Announcing Burn: New Deep Learning framework with CPU & GPU support using the newly stabilized GAT feature

This page summarizes the projects mentioned and recommended in the original post on reddit.com/r/rust

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  • tch-rs

    Rust bindings for the C++ api of PyTorch.

    tch-rs author here, it's certainly good feedback to know that you find the lack of documentation being one of the most critical point. Fwiw, we try to have a large number of examples hoping that users can re-use them, we try to document these, see for example the Neural Style Transfer tutorial. We also try to document the various layers in tch::nn, though this should certainly be more detailed. The part that is totally undocumented is tensor operations as it's automatically generated from the libtorch operation description (which sadly doesn't have any documentation attached to each operation). If there is some demand, we could certainly look at adding some mechanism in the code generation to add some manually specified documentation for each operation.

  • rust-ndarray

    ndarray: an N-dimensional array with array views, multidimensional slicing, and efficient operations

    Burn is different: it is built around the Backend trait which encapsulates tensor primitives. Even the reverse mode automatic differentiation is just a backend that wraps another one using the decorator pattern. The goal is to make it very easy to create optimized backends and support different devices and use cases. For now, there are only 3 backends: NdArray (https://github.com/rust-ndarray/ndarray) for a pure rust solution, Tch (https://github.com/LaurentMazare/tch-rs) for an easy access to CUDA and cuDNN optimized operations and the ADBackendDecorator making any backend differentiable. I am now refactoring the internal backend API to make it as easy as possible to plug in new ones.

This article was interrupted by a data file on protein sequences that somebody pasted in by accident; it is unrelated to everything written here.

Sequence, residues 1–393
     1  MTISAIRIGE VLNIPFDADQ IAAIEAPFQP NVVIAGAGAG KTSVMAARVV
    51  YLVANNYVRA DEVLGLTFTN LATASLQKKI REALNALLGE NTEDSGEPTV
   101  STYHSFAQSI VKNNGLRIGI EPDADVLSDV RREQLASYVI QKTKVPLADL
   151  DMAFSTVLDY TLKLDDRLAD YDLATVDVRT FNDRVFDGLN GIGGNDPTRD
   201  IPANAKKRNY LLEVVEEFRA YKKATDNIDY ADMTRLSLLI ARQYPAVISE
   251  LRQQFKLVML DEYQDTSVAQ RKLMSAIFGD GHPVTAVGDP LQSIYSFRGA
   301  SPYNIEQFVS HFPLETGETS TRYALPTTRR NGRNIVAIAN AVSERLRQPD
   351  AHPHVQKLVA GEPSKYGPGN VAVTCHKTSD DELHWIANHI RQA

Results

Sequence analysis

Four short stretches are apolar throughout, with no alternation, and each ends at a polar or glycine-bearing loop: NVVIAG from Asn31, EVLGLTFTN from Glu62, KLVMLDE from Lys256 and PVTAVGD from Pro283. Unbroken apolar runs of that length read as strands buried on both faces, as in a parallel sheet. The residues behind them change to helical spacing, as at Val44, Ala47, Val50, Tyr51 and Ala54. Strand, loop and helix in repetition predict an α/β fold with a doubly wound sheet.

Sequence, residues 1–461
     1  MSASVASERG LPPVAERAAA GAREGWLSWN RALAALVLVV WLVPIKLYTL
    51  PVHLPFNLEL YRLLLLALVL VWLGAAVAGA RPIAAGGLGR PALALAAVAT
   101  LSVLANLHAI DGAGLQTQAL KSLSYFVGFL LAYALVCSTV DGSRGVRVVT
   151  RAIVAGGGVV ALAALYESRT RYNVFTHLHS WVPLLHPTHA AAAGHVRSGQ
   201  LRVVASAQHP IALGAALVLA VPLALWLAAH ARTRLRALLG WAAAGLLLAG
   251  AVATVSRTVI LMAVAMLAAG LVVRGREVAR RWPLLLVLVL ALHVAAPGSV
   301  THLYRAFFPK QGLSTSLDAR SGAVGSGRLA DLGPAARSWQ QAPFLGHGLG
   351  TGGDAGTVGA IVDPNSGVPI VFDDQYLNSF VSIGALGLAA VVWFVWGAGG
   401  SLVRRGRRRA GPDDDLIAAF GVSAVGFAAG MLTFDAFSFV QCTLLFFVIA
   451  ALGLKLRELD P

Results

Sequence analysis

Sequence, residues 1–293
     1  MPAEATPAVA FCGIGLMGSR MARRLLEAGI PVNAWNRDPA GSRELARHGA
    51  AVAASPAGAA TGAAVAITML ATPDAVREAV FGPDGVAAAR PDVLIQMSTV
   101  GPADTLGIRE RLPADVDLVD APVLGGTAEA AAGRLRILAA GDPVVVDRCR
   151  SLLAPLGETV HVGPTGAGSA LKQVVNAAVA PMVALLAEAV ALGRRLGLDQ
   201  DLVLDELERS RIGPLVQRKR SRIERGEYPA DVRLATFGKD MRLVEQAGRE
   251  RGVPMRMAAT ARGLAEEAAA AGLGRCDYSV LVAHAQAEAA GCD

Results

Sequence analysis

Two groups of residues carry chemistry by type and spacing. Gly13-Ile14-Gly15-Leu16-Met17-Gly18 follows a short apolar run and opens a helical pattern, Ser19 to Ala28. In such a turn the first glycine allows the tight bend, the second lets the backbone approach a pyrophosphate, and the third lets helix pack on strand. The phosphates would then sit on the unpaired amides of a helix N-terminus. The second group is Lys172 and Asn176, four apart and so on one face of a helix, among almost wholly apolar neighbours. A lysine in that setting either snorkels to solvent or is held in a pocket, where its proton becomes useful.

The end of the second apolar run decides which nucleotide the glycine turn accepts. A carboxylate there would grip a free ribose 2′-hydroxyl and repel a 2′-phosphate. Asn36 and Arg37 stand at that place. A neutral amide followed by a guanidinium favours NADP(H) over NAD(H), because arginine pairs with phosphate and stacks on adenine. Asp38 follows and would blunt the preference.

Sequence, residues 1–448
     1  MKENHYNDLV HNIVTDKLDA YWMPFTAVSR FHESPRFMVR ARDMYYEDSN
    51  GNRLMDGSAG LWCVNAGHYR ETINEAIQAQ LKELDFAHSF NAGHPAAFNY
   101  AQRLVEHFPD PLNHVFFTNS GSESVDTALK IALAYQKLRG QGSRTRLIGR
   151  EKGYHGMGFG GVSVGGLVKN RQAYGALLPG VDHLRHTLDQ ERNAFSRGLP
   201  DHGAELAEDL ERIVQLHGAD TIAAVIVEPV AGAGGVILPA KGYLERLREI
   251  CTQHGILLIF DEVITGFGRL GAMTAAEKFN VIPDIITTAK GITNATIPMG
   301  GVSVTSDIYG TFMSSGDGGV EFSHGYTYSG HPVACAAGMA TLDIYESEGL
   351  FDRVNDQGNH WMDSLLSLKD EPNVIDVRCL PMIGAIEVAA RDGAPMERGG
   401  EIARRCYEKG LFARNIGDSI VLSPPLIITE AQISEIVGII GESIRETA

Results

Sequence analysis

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    Build time-series-based applications quickly and at scale.. InfluxDB is the Time Series Platform where developers build real-time applications for analytics, IoT and cloud-native services. Easy to start, it is available in the cloud or on-premises.

  • burn

    BURN: Burn Unstoppable Rusty Neurons

    That’s it, if you are excited about the future of ML/DL ecosystem in Rust and find the project promising, you can encourage me by giving it a ⭐ (https://github.com/burn-rs/burn). If you want to contribute and/or get involved, just reach out to me. There is very little in place to support collaborators, but I would like the project to become community driven instead of being just a personal endeavor.

  • Graphite

    2D raster & vector editor that melds traditional layers & tools with a modern node-based procedural workflow.

    This will potentially be big for Graphite, since we're building with a pure Rust stack (aside from web, at least for now until the Rust GUI ecosystem improves). We plan to have lots of machine learning-based graphics effects and workflows in the form of nodes in a node graph. And not having to interface with Python would be nice where possible. So far we've recently integrated Stable Diffusion which has promising results for a useful workflow, but that has to call a Python web server at the moment. Once Graphite is a desktop app, running the ML directly on-device in the Rust stack will be fantastic.

  • L2

    l2 is a fast, Pytorch-style Tensor+Autograd library written in Rust

    this is really cool!!! btw i also made a very small toy library years ago in rust too !https://github.com/bilal2vec/L2

  • wgpu

    Safe and portable GPU abstraction in Rust, implementing WebGPU API.

    Would it be possible to do something similar to what wgpu does? Move most of the checks into the runtime, perform feature negotiation at initialization, and panic/return an error if a feature isn't supported by the selected backend.

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